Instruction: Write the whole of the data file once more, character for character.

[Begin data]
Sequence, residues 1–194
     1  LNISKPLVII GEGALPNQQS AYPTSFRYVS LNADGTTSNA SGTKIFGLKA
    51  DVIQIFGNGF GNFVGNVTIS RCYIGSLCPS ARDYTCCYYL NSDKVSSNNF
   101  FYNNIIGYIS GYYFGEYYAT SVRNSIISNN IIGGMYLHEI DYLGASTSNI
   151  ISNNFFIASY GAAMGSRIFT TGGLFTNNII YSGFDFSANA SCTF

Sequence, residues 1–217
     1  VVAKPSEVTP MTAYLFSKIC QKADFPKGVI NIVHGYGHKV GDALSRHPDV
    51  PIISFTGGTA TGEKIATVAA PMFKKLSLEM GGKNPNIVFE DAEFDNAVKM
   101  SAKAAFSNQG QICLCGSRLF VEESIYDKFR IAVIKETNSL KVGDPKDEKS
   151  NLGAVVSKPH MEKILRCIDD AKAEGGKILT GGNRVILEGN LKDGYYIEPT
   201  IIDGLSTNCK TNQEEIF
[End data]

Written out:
Sequence, residues 1–194
     1  LNISKPLVII GEGALPNQQS AYPTSFRYVS LNADGTTSNA SGTKIFGLKA
    51  DVIQIFGNGF GNFVGNVTIS RCYIGSLCPS ARDYTCCYYL NSDKVSSNNF
   101  FYNNIIGYIS GYYFGEYYAT SVRNSIISNN IIGGMYLHEI DYLGASTSNI
   151  ISNNFFIASY GAAMGSRIFT TGGLFTNNII YSGFDFSANA SCTF

Sequence, residues 1–217
     1  VVAKPSEVTP MTAYLFSKIC QKADFPKGVI NIVHGYGHKV GDALSRHPDV
    51  PIISFTGGTA TGEKIATVAA PMFKKLSLEM GGKNPNIVFE DAEFDNAVKM
   101  SAKAAFSNQG QICLCGSRLF VEESIYDKFR IAVIKETNSL KVGDPKDEKS
   151  NLGAVVSKPH MEKILRCIDD AKAEGGKILT GGNRVILEGN LKDGYYIEPT
   201  IIDGLSTNCK TNQEEIF